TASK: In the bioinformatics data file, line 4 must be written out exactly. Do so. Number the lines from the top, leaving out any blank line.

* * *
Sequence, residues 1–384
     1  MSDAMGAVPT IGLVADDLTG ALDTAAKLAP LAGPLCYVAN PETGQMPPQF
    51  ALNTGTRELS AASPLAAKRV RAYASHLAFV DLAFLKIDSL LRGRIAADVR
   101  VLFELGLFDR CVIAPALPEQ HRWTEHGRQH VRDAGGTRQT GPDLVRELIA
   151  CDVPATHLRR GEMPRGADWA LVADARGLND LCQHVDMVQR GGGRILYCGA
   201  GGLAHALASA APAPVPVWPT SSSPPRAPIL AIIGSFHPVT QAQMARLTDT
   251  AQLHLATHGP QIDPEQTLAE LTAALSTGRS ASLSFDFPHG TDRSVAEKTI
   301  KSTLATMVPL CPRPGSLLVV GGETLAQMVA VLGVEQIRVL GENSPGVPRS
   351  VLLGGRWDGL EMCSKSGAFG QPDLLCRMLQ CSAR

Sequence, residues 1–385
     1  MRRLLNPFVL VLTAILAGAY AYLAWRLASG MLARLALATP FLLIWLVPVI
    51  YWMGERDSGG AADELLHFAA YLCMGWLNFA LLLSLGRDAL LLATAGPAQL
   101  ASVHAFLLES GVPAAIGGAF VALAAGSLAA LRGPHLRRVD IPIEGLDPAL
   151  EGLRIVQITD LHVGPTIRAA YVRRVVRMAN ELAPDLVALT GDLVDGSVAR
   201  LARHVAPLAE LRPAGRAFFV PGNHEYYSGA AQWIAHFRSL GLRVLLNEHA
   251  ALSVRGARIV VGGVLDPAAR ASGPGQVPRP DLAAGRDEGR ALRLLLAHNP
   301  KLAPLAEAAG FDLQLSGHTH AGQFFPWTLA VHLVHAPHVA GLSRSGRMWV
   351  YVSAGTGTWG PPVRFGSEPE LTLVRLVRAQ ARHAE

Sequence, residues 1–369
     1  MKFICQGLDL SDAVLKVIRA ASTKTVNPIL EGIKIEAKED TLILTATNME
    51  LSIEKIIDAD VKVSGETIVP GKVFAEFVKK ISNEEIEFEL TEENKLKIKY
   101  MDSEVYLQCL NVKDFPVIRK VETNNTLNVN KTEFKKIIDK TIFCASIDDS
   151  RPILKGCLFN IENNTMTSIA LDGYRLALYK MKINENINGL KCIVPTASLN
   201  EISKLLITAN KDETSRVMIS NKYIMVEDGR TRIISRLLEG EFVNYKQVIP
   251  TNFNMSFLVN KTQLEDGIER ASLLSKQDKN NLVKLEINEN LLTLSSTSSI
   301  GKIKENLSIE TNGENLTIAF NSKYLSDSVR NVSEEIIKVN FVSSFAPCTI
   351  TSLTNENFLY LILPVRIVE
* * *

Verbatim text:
   101  VLFELGLFDR CVIAPALPEQ HRWTEHGRQH VRDAGGTRQT GPDLVRELIA